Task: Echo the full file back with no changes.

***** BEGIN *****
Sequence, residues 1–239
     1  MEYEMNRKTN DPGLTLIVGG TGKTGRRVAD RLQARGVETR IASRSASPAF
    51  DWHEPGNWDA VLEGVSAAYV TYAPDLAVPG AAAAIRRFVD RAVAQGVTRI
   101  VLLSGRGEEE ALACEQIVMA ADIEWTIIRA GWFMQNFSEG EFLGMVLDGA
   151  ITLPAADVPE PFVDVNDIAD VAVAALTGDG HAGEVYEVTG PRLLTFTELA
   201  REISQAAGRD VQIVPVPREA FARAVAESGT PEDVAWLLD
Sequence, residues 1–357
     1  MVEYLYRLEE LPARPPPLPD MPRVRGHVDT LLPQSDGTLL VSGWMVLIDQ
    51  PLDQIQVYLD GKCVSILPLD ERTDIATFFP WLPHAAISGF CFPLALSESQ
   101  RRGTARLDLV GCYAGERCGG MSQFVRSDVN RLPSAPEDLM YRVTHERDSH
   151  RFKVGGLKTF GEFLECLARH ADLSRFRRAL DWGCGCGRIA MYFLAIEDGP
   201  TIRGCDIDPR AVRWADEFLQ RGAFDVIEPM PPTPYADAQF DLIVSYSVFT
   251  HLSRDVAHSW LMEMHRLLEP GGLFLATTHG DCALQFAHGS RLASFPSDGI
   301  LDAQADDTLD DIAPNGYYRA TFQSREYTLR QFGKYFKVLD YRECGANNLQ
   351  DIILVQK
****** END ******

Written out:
Sequence, residues 1–239
     1  MEYEMNRKTN DPGLTLIVGG TGKTGRRVAD RLQARGVETR IASRSASPAF
    51  DWHEPGNWDA VLEGVSAAYV TYAPDLAVPG AAAAIRRFVD RAVAQGVTRI
   101  VLLSGRGEEE ALACEQIVMA ADIEWTIIRA GWFMQNFSEG EFLGMVLDGA
   151  ITLPAADVPE PFVDVNDIAD VAVAALTGDG HAGEVYEVTG PRLLTFTELA
   201  REISQAAGRD VQIVPVPREA FARAVAESGT PEDVAWLLD
Sequence, residues 1–357
     1  MVEYLYRLEE LPARPPPLPD MPRVRGHVDT LLPQSDGTLL VSGWMVLIDQ
    51  PLDQIQVYLD GKCVSILPLD ERTDIATFFP WLPHAAISGF CFPLALSESQ
   101  RRGTARLDLV GCYAGERCGG MSQFVRSDVN RLPSAPEDLM YRVTHERDSH
   151  RFKVGGLKTF GEFLECLARH ADLSRFRRAL DWGCGCGRIA MYFLAIEDGP
   201  TIRGCDIDPR AVRWADEFLQ RGAFDVIEPM PPTPYADAQF DLIVSYSVFT
   251  HLSRDVAHSW LMEMHRLLEP GGLFLATTHG DCALQFAHGS RLASFPSDGI
   301  LDAQADDTLD DIAPNGYYRA TFQSREYTLR QFGKYFKVLD YRECGANNLQ
   351  DIILVQK